From EXPERIENCE to INTEGRATION: The Arts in Nursing Education

By McCaffrey, Ruth; Purnell, Marguerite | Nursing Education Perspectives, March/April 2007 | Go to article overview

From EXPERIENCE to INTEGRATION: The Arts in Nursing Education


McCaffrey, Ruth, Purnell, Marguerite, Nursing Education Perspectives


ABSTRACT

Exploring the expressive arts within nursing education promotes understanding of what it means to be human and allows students to communicate with patients in unique and meaningful ways. "Arts in Healing," a three-credit elective course designed to provide experiences in creating and appreciating different art forms and to illuminate the healing elements in each, was offered in both the graduate and undergraduate nursing programs. Students at all levels, including pre-nursing, participated together. The article provides a course description and objectives and discusses implications for nurse educators. Examples of how nurses integrated what they learned from the course into their own practice are provided.

KNOWING EACH CLIENT AS A UNIQUE INDIVIDUAL IS INTRINSIC TO THE ART OF NURSING.

When nurses respond to human health situations, they draw on both science and art in a way that encompasses creative and aesthetic expression. In its broadest sense, art is the expression of creativity and imagination, an external expression of feelings and emotion. Nursing responses that integrate the arts to facilitate healing and foster communication expand therapeutic options for the well-being of patients. * Exploring the expressive arts within nursing education promotes a rich understanding of what it means to be human and helps students communicate with patients in unique and meaningful ways. THIS ARTICLE reports on the implementation and evaluation of a course entitled "The Arts in Healing," which was developed to help nursing students at all levels experience aesthetic knowing in personal ways and in group settings.

Review of the Literature In philosophy, aesthetics is the study of the nature of art and its relation to human experience (1). Aesthetics can be defined as the pleasure derived from a work of art, in contrast to the practical or informative value the work of art might possess (2). Aesthetic appreciation as a way of knowing patients for whom nurses care is an essential element in the ontological domain of nursing (3). Aesthetic knowing is creative and transformative (4).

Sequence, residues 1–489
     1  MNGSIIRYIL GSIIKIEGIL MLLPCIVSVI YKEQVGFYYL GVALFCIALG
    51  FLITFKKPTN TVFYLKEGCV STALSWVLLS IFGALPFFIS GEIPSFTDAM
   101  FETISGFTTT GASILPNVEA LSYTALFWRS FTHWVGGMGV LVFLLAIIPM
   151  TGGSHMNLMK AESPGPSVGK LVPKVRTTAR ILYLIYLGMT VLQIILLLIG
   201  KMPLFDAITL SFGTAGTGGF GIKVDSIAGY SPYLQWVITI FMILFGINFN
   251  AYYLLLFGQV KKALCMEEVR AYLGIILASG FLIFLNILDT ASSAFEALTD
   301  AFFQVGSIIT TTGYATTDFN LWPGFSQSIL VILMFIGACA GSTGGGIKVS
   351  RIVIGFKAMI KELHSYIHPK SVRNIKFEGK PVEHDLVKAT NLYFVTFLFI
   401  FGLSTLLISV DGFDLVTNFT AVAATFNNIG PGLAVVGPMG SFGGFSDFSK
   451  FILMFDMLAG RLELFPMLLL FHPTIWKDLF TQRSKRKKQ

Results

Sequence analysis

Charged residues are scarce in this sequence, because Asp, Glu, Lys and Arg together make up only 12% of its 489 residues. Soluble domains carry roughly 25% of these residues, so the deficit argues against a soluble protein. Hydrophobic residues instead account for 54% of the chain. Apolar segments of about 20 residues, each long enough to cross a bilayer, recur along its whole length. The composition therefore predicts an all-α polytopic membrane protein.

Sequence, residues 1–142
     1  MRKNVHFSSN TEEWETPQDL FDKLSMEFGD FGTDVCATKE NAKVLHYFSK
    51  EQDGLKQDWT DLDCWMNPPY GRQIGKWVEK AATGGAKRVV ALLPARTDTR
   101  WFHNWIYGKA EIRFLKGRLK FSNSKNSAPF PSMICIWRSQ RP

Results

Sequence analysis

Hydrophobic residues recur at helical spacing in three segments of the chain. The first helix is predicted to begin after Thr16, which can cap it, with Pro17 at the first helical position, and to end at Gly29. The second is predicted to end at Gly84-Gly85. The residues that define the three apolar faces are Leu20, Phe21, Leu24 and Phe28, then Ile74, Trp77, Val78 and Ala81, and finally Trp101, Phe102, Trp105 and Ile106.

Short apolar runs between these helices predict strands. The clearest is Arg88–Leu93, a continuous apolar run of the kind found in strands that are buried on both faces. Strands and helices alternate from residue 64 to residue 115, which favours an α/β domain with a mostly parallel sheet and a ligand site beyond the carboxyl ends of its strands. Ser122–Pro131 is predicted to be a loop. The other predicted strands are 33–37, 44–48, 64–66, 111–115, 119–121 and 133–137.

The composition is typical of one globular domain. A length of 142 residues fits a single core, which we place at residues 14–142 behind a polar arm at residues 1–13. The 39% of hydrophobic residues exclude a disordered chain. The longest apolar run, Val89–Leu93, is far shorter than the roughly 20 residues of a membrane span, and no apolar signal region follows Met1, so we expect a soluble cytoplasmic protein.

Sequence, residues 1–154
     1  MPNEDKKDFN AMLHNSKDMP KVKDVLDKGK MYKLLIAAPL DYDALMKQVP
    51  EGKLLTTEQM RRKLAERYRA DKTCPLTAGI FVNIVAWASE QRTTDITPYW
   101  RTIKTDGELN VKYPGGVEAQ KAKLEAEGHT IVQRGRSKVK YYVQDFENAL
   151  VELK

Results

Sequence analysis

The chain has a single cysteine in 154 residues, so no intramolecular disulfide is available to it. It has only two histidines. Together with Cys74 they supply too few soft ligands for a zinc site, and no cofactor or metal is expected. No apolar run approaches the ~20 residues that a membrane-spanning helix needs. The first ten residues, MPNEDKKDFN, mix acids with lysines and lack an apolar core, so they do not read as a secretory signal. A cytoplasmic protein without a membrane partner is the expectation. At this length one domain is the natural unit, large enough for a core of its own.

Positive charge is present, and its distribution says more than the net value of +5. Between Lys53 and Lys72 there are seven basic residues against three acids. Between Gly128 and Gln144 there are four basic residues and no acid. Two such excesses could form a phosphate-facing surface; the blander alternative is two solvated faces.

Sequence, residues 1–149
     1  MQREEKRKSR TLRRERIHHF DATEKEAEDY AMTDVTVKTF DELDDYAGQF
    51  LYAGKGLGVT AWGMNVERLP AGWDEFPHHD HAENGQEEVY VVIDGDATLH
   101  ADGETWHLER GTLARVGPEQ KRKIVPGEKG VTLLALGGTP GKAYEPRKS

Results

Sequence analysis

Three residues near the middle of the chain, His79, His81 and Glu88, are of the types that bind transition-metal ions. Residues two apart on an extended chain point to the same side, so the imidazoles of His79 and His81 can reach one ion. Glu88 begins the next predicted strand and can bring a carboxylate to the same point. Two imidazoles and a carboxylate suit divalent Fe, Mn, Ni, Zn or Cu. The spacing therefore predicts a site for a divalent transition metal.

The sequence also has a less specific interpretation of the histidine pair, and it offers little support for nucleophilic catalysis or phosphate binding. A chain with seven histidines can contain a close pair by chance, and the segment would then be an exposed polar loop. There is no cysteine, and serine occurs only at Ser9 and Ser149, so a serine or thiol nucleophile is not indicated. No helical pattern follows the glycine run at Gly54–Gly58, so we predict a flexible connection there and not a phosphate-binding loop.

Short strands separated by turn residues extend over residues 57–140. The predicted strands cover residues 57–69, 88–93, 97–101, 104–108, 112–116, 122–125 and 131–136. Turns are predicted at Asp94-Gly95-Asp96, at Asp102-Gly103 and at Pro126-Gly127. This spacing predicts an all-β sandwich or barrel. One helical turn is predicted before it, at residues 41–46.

Art is an outward expression of the aesthetic. People use music, visual art, movement, poetry, and literature to express their intrinsically aesthetic nature. Henri stated that when the artist is alive in any person, "he becomes an inventive, searching, daring, self expressing creature" (5, p. 15), opening ways for better understanding. As such, the arts are fundamentally important in the development and understanding of the human experience.

Derbyshire noted in 1994 that, unlike medical education, nursing education has been reluctant to integrate the arts and literature within the curricula (6). Because the arts illuminate the human experience and provide the ability to come to know the other, this finding seems incongruent with the development of an authentic nursing presence.

The expressive arts promote communication that allows nurses to come to know patients in deeper ways. For example, McCaffrey and Good (7) described the postoperative experience of patients and found that patients and families who listened to music during the recovery period had an increased ability to verbalize and communicate very real fears about recovery and returning to health.

Walsh and colleagues (8) studied the use of an arts intervention on the stress level of nursing students, theorizing that reducing stress might improve students' ability to study, retain information, and present authentically with patients during clinical rotations. Students in an experimental group created silk wall hangings, designed greeting cards, produced self-portraits, or painted landscapes. Those who experienced the art intervention demonstrated significantly less anxiety and stress and greater creativity than a control group.

In discussing the need to increase the humanities in nursing education, Smith and colleagues (9) argued that humanities education improves the ability to understand the human condition and strengthens the ability to understand diversity and the range of human feelings and emotions. …

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